I packed a bag with a book, an iPad, warmer clothes, hat and gloves. You’ll be happy to know nothing left the bag over the ensuing 4 hours. I did, however, enjoy an amazing 4-mile stroll that began along the Long Island Sound waterfront, snaked through some old neighborhoods of Westbrook, and landed me at the authentic epicenter of quintessential New England...Kohl’s Department Store. Mom would be so proud.
One particular item of note was a small cemetery passed along the way. From the sidewalk looking in, I struggled to read the old and weathered gravestones. However, I was able to decipher the year on several - died 1816, died 1830, died 1845. One especially caught my eye: “Edgar E Hayden was killed in the battle of Fredericksburg, VA, Dec 13, 1862”. Civil War. I’m always amazed when visiting somewhere out East how historic and preserved the places can be. Along the walk I saw an Elks Lodge that dated back to 1812. Its fun to think about what life was like back then. A 4-mile walk back then was ordinary, I imagine. Quick stop off at the blacksmith...before visiting Kohl's, of course.
En route, I passed a post office, and decided my day would end successfully if I could procure, hand write, and mail 5 cards to my beloved and our children back home. I continued walking until I discovered a grocery store (good coffee and cards) alongside said Kohl’s (tee shirts, hat, and travel coffee mug). After several small, but crucial purchases noted above, I settled into a small deli, ordered lunch, and began sharing my not-so-exciting adventures over the previous few days with my family.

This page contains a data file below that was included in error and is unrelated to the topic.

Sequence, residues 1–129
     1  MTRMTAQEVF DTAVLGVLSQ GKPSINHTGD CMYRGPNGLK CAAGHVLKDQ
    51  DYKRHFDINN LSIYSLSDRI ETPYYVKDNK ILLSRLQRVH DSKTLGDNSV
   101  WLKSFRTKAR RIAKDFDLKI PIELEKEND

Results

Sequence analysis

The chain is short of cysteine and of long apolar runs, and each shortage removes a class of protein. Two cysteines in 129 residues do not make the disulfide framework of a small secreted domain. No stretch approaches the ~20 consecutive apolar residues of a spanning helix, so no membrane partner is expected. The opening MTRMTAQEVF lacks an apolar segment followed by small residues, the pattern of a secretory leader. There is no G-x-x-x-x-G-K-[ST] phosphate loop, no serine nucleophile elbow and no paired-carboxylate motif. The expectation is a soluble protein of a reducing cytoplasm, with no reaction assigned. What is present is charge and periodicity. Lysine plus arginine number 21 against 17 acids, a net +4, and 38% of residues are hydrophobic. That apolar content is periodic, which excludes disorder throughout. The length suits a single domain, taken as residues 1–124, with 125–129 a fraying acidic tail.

One of the more notable times for correspondence in my life was while away at prep school. I looked forward to letters more than anything, and it made my week when someone penned something to me from home. There were no text messages, email, telephones back in 1812 - walking to the store to purchase parchment so your relatives could stay abreast of your life is one attribute of the past I intend to keep alive. I hope my kiddos enjoy their piece of mail.
I’m still in the same spot in the saloon. It’s dark now - I’ve been writing for the last couple hours. The crew is up at the club house. Richard has been sitting in the captain’s chair making various phone calls. In one he mentioned a Category 1 hurricane brewing well south of Bermuda. That caught my attention, but I was assured by he and Victor that it is heading the wrong direction and dissipating. Eery reminder of the dangers of going to sea.
Speaking of, here’s where I sign off for 4-5 days. The dark side of the moon. Sorta. Once we head out, it’s radio silence, other than tracking our progress: https://share.garmin.com/Royce. Take that, 1812.
Let’s talk again in Bermuda!
We're the Zimmerman Family!
Home Base | Denver, CO
A family of six that
LOVES to sail !
Follow our crew (Royce, Tara, Avery, Charley, Nora & Ruby)
as we blog our sailing adventures